Time Gone By – Part 19 – Science Fiction

This is a work of fiction.

“Freckles, no!”
He ignored me and dashed through a gap in the fence we were passing.
“Freckles!” I yelled. “Come back here right now! We’re not allowed in there.”
Beside me, Lydia stopped pulling the wagon and looked at the hole in the fence.
It was definitely time for us to head home. She’d been pulling the wagon for hours, and it was approaching 4:00, fast.
“I’ll go get him,” Curly said.
“I’ll help you,” Sammy said.
Before I could speak, they were through the fence and running after Freckles.
For a couple of minutes, Lydia and I waited, but the boys didn’t come back.
“Well, I’m afraid we’re going to have to go after them. I’ll manage the wagon and Tilly . . .”
She wasn’t there. One of the boys had taken her with him.
“Do you remember who was walking Tilly?”
Curly had taken her with him, and I hadn’t even noticed. Now all three boys were running around on somebody else’s property.
The wagon just fit through the gap in the fence.
I listened, but couldn’t hear the boys.
“Can you hear anything?”
Lydia nodded, and pointed to our right.
“Who do you hear?”
“All of them.”
Thank goodness for young ears!
We walked as fast as we could, and soon, I could also hear the boys and Tilly.
We emerged from some bushes and there they were.
There was what looked like an emplty parking lot, and the boys were going into a building.
They ignored me.
What had gotten into them?
I gritted my teeth and pulled the wagon closer, with Lydia following behind me.
By the time we reached the door, I could hear the boys opening another door somewhere inside.
I looked through the door and saw an empty reception area with a desk and some metal chairs. At the far side of the room, there was another door.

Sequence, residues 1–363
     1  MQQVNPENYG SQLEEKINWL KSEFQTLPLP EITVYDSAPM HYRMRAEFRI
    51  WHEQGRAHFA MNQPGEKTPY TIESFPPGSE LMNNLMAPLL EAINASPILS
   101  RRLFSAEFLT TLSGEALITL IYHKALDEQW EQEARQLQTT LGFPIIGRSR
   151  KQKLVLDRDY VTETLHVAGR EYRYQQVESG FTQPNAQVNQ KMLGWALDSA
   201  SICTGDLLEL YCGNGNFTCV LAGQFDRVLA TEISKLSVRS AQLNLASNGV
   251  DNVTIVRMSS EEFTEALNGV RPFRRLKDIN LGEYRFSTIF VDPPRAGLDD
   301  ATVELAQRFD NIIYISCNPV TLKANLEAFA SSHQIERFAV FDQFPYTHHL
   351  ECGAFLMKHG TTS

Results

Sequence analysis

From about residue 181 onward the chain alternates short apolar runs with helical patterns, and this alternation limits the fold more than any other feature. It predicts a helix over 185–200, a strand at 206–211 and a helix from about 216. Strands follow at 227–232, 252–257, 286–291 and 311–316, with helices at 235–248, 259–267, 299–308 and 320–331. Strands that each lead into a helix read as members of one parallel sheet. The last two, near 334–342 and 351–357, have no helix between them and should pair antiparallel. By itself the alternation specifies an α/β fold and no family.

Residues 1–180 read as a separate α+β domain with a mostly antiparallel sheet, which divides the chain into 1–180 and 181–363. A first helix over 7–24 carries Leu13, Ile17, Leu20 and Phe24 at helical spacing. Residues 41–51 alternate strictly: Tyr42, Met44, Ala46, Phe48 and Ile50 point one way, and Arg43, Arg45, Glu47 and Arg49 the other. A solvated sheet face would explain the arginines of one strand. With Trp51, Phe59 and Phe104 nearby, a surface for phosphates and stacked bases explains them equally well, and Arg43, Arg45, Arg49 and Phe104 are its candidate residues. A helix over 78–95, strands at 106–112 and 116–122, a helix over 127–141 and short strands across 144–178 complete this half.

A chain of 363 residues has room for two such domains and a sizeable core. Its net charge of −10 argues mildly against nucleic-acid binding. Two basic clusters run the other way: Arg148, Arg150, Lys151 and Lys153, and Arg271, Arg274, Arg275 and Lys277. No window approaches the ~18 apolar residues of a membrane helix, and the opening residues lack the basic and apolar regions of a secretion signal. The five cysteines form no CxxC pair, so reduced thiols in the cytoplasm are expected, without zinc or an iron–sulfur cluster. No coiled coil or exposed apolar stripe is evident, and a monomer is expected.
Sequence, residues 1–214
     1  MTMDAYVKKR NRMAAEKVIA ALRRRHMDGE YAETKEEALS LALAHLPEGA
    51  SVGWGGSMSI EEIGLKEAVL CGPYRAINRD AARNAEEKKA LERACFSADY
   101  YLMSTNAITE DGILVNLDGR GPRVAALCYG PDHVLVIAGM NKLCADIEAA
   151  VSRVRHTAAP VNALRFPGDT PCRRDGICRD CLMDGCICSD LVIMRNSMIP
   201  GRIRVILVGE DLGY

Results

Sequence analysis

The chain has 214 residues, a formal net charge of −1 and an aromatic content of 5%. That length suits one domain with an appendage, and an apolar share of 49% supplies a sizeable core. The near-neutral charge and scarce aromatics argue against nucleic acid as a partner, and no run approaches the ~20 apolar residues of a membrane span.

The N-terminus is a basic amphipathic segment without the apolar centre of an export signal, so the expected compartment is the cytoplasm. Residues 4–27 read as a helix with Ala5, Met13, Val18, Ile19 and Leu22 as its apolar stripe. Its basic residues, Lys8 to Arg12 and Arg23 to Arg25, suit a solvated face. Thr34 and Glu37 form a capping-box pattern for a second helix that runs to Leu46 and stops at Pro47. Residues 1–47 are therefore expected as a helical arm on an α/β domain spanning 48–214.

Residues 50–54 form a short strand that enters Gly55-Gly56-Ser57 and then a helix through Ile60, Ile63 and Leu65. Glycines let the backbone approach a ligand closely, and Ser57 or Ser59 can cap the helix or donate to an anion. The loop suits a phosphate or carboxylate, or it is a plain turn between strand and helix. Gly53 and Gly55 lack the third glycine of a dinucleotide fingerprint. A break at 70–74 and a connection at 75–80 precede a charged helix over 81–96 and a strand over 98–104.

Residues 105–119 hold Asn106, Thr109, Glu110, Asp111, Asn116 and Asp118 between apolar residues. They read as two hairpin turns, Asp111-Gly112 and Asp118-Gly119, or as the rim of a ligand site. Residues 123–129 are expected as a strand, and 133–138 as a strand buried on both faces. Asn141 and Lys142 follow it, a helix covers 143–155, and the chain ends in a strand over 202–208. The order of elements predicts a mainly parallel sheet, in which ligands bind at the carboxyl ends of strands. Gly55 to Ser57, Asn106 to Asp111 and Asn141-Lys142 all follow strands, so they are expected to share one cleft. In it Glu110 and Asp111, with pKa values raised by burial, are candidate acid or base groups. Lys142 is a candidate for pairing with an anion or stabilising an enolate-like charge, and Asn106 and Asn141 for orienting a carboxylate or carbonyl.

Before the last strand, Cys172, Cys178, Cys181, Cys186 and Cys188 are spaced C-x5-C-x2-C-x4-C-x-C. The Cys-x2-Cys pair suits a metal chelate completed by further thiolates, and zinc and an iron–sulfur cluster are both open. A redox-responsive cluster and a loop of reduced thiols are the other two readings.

Lydia and I followed the sounds of the boys and Tilly down several hallways, and by the time we caught up with them, I was both angry and unsure of where I was.
The three of them were standing in front of a wooden door (the others had been metal with glass panels), with Tilly sitting quietly beside Freckles.
“What in the name of—”
Curly put his finger to his lips, and then he knocked on the door.
“Come in,” a woman’s voice called.
“Mom!” Lydia said.
“Hello, Lydia. Is your grandma with you?”
“All of you, please do come in. It’s not locked.”
Curly pull the door open, and I saw a large room. The space to the left was empty and uninteresting, but on the right-hand wall of the room, there appeared to be the dashboard and steering wheel of a car. There was also a large clock.
I could see only one person, and she was sitting on a metal chair in front of the steering wheel, with her head turned to look at us as we stood there staring at the strange room.
“Welcome,” she said. “My name is Louisa. I’m Lydia’s mom, I’m a physicist, and this is my time machine.”
“Is it a real time machine?” Freckles asked.
“Of course not, you idiot,” Sammy said. “She’s crazy, just like her kid.”
“Sammy, don’t be mean.”
Louisa said, “Can you introduce yourselves? I didn’t know you had a dog.”
“We just got Tilly yesterday,” Curly said. “I’m Benjamin, but you can call me Curly. This is Sammy, and this is David, but we call him Freckles.” He smiled at me. “This is Grandma.” He picked up TJ’s carrier and said, “This is our other dog, TJ. These are our kittens and their mom, whose name is Lydia. The guy who gave her to us named her that. I don’t know if you know, but Grandma’s name is Lydia. We haven’t named the kittens yet.”
While Curly spoke, I looked at Louisa. She appeared to be about thirty, had a slightly sad expression, and wore a black dress, as if she were in mourning. Like her daughter, she was slight of build, with long, delicate fingers and long hair.
“Thank you,” she said before I could. “I did know your grandma’s name. It’s very nice to meet you. I just wish it was under better circumstances.”
“What?” Sammy said.
“A year ago, I started working on building a time machine. At first, I didn’t think it would really work, but after a few months, my idea was realized.”
She reached under her chair, picked up a black purse, opened it, rummaged, and came out with a pack of cigarettes.
“Mom, no!”
Louisa looked at her daughter with an expression that blended shame and resignation.
“I think I’m going to need to smoke one of these. It’s strange. I quit just before Chuck and I got divorced, and I hardly ever felt like I needed one, but I’m not sure if I can get through this without starting again.” She opened the package, started to remove a cigarette, shoved it back in, and put the package back into her purse. “I’ve been doing that for the last few days. Every time I start to take one out, I think of you and . . .”